As partisan attacks have become increasingly bitter in American politics, contemporary culture has found ways to channel this outrage into the outrageous, responding with comedy and satire from both sides of the political spectrum. Ars Americana, Ars Politica cross-examines American politics, culture, and history by examining Irving Wallace's The Man, Richard Condon's Death of a Politician, P.J. O'Rourke's Parliament of Whores, Warren Beatty's film Bulworth, and Michael Moore's Stupid White Men to show how these popular artists have used soap-box partisanship and box-office artertainment to affect history.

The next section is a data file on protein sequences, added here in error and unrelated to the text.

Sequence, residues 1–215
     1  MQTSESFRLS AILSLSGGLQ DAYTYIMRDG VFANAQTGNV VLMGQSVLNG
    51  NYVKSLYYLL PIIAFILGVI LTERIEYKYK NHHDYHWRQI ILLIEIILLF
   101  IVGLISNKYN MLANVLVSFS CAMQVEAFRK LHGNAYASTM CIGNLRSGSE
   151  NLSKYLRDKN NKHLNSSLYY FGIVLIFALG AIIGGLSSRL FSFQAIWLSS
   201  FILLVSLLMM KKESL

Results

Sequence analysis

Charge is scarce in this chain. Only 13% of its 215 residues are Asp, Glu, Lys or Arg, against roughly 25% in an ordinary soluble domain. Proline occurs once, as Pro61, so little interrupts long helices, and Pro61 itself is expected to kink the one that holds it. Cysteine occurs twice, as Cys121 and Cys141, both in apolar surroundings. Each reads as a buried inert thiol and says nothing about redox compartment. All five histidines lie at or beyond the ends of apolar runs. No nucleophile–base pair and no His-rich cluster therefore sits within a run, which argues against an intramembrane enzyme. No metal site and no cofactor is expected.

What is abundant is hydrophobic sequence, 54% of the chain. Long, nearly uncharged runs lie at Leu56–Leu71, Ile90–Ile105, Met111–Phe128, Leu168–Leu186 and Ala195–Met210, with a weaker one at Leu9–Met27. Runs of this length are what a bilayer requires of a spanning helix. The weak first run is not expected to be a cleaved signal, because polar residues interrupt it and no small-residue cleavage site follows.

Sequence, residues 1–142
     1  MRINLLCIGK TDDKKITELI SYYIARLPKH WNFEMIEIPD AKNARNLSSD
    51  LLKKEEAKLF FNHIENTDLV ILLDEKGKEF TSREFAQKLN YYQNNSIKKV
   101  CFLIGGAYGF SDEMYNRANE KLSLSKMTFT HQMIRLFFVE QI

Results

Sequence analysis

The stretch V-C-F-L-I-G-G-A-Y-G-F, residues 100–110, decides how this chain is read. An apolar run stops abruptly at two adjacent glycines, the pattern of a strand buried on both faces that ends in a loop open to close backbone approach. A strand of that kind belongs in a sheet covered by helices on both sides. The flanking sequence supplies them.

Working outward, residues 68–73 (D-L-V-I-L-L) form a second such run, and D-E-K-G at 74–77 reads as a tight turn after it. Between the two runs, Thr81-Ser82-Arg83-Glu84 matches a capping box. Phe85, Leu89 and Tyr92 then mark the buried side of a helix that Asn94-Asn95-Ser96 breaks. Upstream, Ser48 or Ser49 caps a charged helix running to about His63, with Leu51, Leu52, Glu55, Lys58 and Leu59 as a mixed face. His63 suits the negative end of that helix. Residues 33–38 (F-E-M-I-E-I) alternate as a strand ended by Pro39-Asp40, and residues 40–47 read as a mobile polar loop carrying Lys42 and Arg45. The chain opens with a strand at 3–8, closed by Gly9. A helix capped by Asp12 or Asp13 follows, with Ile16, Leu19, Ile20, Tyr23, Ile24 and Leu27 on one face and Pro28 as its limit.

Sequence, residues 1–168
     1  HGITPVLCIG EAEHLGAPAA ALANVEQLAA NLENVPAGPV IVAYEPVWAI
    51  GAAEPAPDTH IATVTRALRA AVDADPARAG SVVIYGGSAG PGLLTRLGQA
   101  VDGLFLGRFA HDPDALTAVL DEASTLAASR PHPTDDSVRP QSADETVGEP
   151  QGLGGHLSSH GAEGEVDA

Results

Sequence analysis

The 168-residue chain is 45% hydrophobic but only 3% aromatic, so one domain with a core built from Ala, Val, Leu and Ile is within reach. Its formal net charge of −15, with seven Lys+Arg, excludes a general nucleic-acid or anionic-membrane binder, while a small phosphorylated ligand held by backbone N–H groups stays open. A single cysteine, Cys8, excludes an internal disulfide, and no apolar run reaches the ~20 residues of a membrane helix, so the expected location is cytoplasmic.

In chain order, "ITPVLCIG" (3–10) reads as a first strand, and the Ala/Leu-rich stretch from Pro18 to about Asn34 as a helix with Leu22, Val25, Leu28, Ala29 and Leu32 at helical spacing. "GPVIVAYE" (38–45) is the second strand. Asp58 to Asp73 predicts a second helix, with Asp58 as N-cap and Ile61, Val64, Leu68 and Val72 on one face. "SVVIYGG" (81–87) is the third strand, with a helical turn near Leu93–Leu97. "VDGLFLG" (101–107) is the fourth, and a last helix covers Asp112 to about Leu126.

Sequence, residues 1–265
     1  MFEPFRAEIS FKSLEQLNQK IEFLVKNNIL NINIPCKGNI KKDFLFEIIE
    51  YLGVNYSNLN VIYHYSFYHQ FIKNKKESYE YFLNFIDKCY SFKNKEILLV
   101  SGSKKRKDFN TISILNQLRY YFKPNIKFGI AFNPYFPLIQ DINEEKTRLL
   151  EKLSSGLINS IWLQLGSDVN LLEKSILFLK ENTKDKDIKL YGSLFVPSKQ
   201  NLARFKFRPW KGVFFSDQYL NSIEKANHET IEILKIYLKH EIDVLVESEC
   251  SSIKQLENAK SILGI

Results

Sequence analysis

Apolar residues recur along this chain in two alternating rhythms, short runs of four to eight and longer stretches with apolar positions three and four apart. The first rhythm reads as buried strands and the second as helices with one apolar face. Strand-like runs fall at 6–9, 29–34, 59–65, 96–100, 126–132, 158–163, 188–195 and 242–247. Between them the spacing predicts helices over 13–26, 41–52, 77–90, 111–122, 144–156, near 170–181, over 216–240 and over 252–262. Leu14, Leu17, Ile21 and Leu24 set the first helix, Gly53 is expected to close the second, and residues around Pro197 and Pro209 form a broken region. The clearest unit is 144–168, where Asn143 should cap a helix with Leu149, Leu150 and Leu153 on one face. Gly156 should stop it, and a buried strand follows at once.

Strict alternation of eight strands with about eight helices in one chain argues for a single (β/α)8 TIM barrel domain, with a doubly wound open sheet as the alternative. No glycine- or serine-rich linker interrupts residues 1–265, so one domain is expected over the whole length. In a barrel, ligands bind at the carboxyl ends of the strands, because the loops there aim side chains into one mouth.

|Publication date:||10th August 2010|
|Publisher:||McGill-Queen's University Press|
|Categories:||Political science & theory, Popular culture,|
Peter Swirski is a professor of American studies at the University of Hong Kong, the author of From Lowbrow to Nobrow and editor of I Sing the Body Politic: History as Prophecy in Modern American Literature.More About Peter Swirski